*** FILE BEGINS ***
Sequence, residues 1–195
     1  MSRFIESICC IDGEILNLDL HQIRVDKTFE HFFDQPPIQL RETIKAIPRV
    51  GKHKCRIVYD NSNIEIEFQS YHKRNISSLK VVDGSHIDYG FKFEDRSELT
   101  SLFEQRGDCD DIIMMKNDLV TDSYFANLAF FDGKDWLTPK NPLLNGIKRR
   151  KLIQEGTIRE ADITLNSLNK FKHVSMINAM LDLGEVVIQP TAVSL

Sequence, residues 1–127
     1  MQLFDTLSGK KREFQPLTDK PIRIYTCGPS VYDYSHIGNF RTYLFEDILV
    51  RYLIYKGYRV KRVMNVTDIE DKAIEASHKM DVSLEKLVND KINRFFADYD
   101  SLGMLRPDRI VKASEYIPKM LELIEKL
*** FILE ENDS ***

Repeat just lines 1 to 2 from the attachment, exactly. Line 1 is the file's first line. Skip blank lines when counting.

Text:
Sequence, residues 1–195
     1  MSRFIESICC IDGEILNLDL HQIRVDKTFE HFFDQPPIQL RETIKAIPRV